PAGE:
Q: What else are you working on right now?
A: I just did a commercial, some radio spots and print work for Palmer’s, specifically for their stretch mark product. It’s the first thing I bought when I found out I was pregnant. My mom gave me that advice—be sure you put a lot of moisturizer on your tummy so you don’t get stretch marks. I used the cream morning and night, and I haven’t gotten any stretch marks. It was great in the first trimester because there’s no fragrance in it to make you nauseous.

Q: How are you feeling about the impending labor and delivery?
A: Well, I have a very bad back, and have had back surgery, so my doctor told me that my back wouldn’t be able to handle the labor and pushing. So, I don’t really have the option of natural childbirth—I need to have a C-section. I’m just taking it as it is and going in for my scheduled date. I’m as prepared as I can be for not really knowing what to expect.

*Angie Everhart gave birth to her son, Kayden Bobby Everhart, on Friday, July 25th.


Woman forced into VBAC at home

In labour with her fourth pregnancy at her Pambula home, Rebecca Nelson’s irregular contractions had her thinking she had time for a shower before the ambulance arrived to take her to Bega Hospital.

That was until her waters broke.

When the ambulance arrived 20 minutes later, the 24-year-old and her new daughter Ruth were recovering in the family bathtub after sister-in-law Karen Nelson helped with the DIY home birth.

Rebecca’s husband Andrew stayed on the 000 line throughout the ordeal.

It was a frightening time with Rebecca at high risk of haemorrhage due to previous caesareans.

“I was thinking ‘what happens if something goes wrong?’” Rebecca said this week.

Rebecca had swatted up on emergency home births knowing the distance she would have had to travel to get to Bega Hospital.

She even did a first aid course with Karen the day before Ruth was born.

“I strongly suggest it for other women,” she said.

“It’s better to have information about it, than have it happen and not be prepared.

Within ten hours of making it to Bega Hospital, Rebecca chose to discharge herself.

“It’s not private. You’re meant to be bonding with your baby and it’s meant to be as relaxed as possible and a momentous occasion,” she said.

Rebecca was also concerned about sharing bathrooms with other patients.

“I felt like there was higher risk of infection.”

Rebecca thanked the Ambulance Service of New South Wales who were “just brilliant” and also the nurses who “do their best but are very stretched”.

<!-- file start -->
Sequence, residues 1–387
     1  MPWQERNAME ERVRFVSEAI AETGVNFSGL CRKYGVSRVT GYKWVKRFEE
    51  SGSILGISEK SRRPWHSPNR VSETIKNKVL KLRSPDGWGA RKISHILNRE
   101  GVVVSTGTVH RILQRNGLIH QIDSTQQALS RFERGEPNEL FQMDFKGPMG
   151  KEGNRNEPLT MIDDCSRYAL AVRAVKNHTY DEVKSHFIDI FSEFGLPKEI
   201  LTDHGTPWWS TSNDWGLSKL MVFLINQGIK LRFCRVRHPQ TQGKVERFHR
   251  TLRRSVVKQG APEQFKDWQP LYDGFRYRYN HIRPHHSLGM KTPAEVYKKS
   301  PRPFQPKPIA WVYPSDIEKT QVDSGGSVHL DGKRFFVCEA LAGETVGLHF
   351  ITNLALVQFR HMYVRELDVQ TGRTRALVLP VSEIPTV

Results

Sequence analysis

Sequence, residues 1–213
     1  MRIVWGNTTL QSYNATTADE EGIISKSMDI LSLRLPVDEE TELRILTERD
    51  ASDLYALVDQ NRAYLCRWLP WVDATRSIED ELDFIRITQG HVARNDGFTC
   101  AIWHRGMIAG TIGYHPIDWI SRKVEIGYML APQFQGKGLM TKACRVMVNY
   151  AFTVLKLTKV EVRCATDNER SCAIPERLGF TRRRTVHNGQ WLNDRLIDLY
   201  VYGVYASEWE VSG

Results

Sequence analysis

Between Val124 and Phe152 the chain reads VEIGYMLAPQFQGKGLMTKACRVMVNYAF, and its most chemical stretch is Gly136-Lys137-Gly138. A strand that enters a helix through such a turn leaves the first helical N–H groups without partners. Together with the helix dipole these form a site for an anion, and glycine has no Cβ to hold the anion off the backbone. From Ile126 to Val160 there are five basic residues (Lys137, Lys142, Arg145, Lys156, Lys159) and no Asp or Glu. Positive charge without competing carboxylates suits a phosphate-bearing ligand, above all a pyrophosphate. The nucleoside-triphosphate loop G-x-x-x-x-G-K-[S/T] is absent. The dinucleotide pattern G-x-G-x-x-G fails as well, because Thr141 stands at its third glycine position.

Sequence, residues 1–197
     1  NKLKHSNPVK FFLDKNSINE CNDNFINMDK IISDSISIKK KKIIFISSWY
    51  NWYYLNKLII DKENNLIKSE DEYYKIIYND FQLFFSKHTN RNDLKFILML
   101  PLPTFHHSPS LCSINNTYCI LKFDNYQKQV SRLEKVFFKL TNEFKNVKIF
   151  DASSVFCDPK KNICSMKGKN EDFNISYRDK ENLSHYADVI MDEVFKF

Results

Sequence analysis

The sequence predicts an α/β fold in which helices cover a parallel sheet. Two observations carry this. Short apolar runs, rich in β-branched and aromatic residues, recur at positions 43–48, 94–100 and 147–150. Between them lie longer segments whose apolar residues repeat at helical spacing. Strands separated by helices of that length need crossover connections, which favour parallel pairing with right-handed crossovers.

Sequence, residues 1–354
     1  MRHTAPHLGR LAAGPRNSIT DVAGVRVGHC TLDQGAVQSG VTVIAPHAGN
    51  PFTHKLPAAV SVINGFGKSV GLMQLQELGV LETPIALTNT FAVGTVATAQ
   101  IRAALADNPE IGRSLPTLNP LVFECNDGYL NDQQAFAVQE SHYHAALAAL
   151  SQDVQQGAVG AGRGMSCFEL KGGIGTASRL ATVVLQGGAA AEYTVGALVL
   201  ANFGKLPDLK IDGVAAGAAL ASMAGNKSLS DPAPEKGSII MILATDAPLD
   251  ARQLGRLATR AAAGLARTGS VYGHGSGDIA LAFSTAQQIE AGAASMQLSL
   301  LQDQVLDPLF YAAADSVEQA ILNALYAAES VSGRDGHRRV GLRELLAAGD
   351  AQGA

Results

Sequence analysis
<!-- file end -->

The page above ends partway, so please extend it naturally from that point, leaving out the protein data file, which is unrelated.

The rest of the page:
Top baby bottle leached more chemicals

Now the good news: Cheaper alternative yields safer results than big-name brand, Health Canada finds.

A top brand of baby bottle leached more than double the amount of a hormone-disrupting chemical linked to breast and prostate cancer than a cheaper house brand, new Health Canada tests show.

The tests involved government scientists filling two polycarbonate bottles containing bisphenol A with boiling water and heating them for six days.

The study, uncovered during an Access to Information request, showed that the bottles, purchased from an Ottawa store, were not created equal.

It found that the concentration level of BPA, an estrogen-mimicking chemical, in the water in the Philips Avent's top-selling baby bottle, Avent Naturally, was 516 parts per billion (ppb).

In the Teddy's Choice bottle, manufactured by Loblaw Companies Ltd., it was 228 ppb.

The Avent bottles containing BPA are no longer sold in Canada. Loblaw Companies did not respond to a request about the status of its Teddy's Choice bottles.

Nevertheless, consumer advocates say parents should take note of the results because older, hand-me-down bottles are still in circulation in households, despite a pending ban of BPA in baby bottles.

Chantal Vallerand used Avent bottles for her three-year-old son when he was a baby. When her daughter was born last spring, she switched to glass bottles after Health Canada announced steps to ban BPA in plastic baby bottles.

Health Canada said "uncertainty" raised in some studies about the possible detrimental health effects on babies when exposed to "low levels" of the chemical warranted the ban.

The Health Canada study concluded the Avent bottles likely started out with a higher level of BPA residue.

"Because all bottles were under the same migration conditions, the differences between the migration levels are likely due to the different levels of residue BPA in the product," the report said.

A separate Health Canada study of undisclosed brands also found a similar range when researchers filled bottles with boiling water and let them sit at room temperature; the concentration levels of the hormone disrupter in the water ranged from 1.7 ppb to 4.1 ppb.

Philips Avent stopped selling baby products with BPA in Canada last summer in response to market pressures and the pending ban, expected to come into effect later this year.